Homebuilders picked up the pace in breaking ground on new homes in July, reversing a two-month downward trend.
According to figures released Tuesday by HUD and the Commerce Department, privately owned housing starts last month were at a seasonally adjusted annual rate of 1.09 million, a 15.7 percent spike from June's upwardly revised rate of 945,000 and a 21.7 percent gain over the same month last year.
A survey of economists by Econoday forecast an adjusted rate of 963,000 new units for July.
Most of last month's improvement came from a surge in multifamily building, which was up 33 percent month-over-month to a rate of 423,000 as young adults show more preference toward renting.
Single-family starts also posted a solid gain, however, rising 8.3 percent to 656,000.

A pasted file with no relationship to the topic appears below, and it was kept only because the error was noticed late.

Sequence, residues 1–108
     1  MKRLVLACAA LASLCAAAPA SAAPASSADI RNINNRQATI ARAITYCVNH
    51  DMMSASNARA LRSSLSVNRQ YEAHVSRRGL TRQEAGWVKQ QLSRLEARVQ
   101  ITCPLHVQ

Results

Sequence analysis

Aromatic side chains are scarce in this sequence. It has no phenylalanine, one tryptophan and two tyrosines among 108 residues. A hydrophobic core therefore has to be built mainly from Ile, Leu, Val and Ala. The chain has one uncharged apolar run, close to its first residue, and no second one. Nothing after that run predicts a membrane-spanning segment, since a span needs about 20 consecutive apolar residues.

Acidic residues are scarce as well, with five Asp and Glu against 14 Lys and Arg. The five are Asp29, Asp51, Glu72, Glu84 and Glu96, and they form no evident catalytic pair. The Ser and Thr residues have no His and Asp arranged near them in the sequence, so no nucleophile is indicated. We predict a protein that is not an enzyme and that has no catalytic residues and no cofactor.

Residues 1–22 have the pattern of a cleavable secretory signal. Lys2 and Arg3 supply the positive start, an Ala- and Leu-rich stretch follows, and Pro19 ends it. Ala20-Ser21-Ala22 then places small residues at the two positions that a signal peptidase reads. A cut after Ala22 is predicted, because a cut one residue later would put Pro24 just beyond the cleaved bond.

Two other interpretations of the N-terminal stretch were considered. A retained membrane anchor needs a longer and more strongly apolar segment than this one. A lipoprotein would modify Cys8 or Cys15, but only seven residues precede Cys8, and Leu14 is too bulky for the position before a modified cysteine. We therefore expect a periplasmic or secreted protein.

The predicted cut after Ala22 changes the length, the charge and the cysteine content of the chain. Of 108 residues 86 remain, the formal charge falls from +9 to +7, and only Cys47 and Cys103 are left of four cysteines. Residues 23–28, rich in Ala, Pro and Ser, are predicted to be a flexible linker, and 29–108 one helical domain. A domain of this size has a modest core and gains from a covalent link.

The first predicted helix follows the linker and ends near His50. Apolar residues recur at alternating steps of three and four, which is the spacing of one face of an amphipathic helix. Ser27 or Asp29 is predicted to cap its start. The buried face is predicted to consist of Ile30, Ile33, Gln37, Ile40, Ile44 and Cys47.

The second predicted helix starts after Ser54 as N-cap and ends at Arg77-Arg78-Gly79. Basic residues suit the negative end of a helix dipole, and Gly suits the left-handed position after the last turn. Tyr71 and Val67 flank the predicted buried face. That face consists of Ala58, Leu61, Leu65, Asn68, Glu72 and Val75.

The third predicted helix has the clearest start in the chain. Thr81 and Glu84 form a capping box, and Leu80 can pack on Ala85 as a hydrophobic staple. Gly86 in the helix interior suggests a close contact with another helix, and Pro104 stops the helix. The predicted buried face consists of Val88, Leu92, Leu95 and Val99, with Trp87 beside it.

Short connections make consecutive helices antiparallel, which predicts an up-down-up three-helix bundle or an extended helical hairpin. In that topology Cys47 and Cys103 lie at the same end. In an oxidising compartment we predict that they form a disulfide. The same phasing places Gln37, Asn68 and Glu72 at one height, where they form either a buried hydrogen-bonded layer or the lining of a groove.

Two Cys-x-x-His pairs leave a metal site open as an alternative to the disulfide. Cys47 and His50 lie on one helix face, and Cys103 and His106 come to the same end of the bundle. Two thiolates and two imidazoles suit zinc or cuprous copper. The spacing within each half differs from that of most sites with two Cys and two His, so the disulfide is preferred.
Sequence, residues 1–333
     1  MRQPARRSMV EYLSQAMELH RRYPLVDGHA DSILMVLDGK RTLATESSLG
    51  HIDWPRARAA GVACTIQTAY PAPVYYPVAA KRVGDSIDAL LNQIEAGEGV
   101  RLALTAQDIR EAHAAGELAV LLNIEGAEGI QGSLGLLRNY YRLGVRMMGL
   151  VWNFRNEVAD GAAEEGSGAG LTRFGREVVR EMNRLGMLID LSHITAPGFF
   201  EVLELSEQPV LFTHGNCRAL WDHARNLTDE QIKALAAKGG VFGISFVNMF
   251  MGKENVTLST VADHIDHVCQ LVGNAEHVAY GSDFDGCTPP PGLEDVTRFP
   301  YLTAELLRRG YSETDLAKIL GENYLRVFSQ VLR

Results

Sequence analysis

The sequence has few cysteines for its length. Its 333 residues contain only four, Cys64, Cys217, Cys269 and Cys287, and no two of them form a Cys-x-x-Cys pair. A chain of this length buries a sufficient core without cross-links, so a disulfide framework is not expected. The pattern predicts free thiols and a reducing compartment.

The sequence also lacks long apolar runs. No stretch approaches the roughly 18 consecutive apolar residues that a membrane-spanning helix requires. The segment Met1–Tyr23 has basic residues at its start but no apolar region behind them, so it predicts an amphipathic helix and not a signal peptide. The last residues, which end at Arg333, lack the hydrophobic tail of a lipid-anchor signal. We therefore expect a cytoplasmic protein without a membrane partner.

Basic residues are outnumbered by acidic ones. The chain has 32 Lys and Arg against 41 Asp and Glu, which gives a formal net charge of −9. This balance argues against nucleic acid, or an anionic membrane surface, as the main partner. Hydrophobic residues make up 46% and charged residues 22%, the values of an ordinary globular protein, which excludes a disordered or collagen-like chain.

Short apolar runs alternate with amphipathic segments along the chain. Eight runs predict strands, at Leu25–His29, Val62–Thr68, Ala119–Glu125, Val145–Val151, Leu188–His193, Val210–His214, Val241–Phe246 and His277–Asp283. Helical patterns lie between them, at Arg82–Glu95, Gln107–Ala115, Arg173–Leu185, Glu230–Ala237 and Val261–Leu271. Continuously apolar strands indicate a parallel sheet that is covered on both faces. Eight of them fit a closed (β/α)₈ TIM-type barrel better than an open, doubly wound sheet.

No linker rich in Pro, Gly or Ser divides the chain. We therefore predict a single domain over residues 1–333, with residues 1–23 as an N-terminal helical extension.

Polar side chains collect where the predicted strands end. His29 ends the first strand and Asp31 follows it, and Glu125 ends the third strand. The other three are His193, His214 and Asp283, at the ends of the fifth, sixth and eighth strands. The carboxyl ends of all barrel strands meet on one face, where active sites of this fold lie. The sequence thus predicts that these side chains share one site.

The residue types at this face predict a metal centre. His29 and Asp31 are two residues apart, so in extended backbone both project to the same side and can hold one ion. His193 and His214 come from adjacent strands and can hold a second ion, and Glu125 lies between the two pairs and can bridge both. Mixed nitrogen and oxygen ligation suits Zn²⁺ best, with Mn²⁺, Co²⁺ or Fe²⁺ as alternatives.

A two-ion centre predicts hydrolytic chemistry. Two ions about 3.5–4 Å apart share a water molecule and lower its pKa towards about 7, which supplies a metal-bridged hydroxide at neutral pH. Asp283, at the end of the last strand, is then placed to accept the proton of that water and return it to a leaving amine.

Single-family starts rose in three of the four Census regions, improving 3.8 percent in the Northeast, 4.2 percent in the West, and 16.9 percent in the South, which had seen a significant setback in homebuilding in June.
The Midwest, meanwhile, posted a 6.8 percent drop.
While new starts surged over the month, permit issuance looked weaker, climbing 8.1 percent to a seasonally adjusted yearly rate of 1.05 million. Single-family permits ticked up only 0.9 percent, while multifamily permits jumped 21.5 percent.
By region, permits for single-family homes increased in the Northeast (20 percent) and South (3.6 percent) and slipped in the Midwest (-4.6 percent) and West (-7.7 percent).
While permit issuance is climbing at a slower pace than starts, the latest confidence index from the National Association of Home Builders suggests builders haven't lost faith in the single-family market, with expectations for future sales leading the other index components—a sign that permit growth could pick up in the coming months.